Police plan to avoid repeat of violence at Toronto beach this Canada Day

In-person fireworks displays for Canada Day are back in Toronto this year and police say they have a "robust" plan and “a variety of resources” to ensure public safety, after violent incidents broke out at Woodbine Beach over the Victoria Day long weekend.

The city says Toronto police will continue to respond to public safety issues in parks and beaches during this Canada Day weekend, as thousands of spectators are expected to attend various city parks to watch fireworks.

Police are also expected to be in full force at Ashbridges Bay Park, in Toronto’s Beach neighbourhood, this weekend after people were shot, stabbed and robbed at gunpoint at the park on May 22, the night before Victoria Day.

Seven police officers were also injured that evening, with one breaking a leg in pursuit of a shooting suspect, and others struck by multiple fireworks.

A total of 19 people were arrested and charged for the incidents, including 10 minors. The charges laid included common nuisance, assaulting a peace officer with a weapon and robbery.

In anticipation of a busy weekend at Ashbridges Bay and other city parks hosting fireworks, the city says there is a plan to ensure public safety.

“There is a policing operation in place for Ashbridges Bay and a variety of resources will be in the area to ensure everyone can enjoy the beach safely. City bylaw enforcement officers will also be present to monitor busy parks and beaches, and to respond to issues as required,” city staff said in a statement.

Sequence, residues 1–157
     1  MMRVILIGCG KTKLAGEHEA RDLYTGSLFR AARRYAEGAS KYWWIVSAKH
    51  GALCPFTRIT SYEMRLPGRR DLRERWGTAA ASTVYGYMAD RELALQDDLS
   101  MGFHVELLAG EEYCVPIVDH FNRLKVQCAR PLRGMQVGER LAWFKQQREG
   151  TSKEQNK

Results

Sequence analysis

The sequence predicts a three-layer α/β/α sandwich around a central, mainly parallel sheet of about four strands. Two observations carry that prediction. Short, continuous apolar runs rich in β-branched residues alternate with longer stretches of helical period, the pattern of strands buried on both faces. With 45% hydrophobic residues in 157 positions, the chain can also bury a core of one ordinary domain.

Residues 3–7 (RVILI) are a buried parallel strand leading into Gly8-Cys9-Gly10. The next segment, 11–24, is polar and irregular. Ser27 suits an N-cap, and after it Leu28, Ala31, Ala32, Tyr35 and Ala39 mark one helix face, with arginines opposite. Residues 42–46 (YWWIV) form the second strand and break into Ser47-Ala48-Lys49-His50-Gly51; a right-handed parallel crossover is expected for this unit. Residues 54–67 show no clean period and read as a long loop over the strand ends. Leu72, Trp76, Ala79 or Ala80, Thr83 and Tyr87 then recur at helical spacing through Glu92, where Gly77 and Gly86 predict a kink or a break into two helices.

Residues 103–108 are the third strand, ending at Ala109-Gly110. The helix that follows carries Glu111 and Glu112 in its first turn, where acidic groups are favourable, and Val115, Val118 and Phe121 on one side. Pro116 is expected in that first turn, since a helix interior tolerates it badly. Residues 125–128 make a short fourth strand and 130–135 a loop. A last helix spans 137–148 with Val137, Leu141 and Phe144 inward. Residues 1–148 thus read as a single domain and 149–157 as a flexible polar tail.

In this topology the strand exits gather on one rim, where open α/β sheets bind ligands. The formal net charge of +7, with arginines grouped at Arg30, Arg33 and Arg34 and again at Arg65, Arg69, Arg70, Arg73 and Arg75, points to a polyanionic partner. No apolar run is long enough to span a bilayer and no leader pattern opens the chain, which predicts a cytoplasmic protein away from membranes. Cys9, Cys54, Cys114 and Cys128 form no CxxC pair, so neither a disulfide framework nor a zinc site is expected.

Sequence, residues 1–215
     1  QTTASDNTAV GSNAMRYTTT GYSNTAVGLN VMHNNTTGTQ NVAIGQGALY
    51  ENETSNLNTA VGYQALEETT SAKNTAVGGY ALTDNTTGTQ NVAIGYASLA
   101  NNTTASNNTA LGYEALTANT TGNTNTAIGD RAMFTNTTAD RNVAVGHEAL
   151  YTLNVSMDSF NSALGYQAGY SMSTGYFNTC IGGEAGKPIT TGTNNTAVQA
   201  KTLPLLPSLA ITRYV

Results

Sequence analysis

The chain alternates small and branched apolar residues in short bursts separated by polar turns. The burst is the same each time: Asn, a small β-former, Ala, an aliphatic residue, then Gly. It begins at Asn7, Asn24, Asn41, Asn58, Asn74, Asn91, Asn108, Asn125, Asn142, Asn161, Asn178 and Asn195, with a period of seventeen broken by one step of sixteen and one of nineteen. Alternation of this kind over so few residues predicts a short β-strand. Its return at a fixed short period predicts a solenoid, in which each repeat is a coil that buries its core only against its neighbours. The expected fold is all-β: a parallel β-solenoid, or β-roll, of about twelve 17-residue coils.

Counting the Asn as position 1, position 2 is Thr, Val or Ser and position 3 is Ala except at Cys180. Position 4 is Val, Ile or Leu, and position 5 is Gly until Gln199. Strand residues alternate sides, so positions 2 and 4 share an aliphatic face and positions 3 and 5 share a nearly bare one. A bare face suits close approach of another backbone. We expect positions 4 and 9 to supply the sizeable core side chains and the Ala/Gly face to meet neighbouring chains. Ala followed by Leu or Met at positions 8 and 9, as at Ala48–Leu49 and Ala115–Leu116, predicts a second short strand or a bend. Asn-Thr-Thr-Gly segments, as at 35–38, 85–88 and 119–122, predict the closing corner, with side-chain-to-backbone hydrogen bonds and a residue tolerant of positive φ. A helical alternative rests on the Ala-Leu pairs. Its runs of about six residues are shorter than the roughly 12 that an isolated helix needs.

Toronto police say the city will have a number of city cameras set up at parks and police will be wearing body cameras, and will have the ability to “mobilize cameras” for investigative purposes if there is any criminal activity.

“We want to assure residents and visitors that public safety is our top priority. We have a variety of resources that will be in the area to ensure everyone can enjoy the event safely. The service will continue to respond to public safety issues in parks and beaches during the Canada Day long weekend,” police said in a statement.

At a news conference on Thursday, Const. Alex Li said police are expecting large crowds along the waterfront for the long weekend. He noted that Toronto police has a "robust policing plan" in place.

"While we can't go into specifics about our operational plans, we want the public to know that there will be a visible police presence and a variety of resources. We will be in the area to ensure everyone enjoys the weekend safely," Li said.

Li reminded that possessing and lighting personal fireworks in city parks and beaches are not permitted and warned that any reckless behaviour involving fireworks, including using them as weapons against the public and officers, will not be tolerated.

"Arrests will be made and charges will be laid where appropriate," he said.

Mayor John Tory says there should be “zero tolerance” for people who engage in “reckless, irresponsible acts.”

“There were no incidents if you recall on Victoria Day itself. The problems were on the preceding days of the weekend, where people, for reasons best known to them, decided to come and cause trouble on our beaches,” Tory told reporters at an event on Tuesday.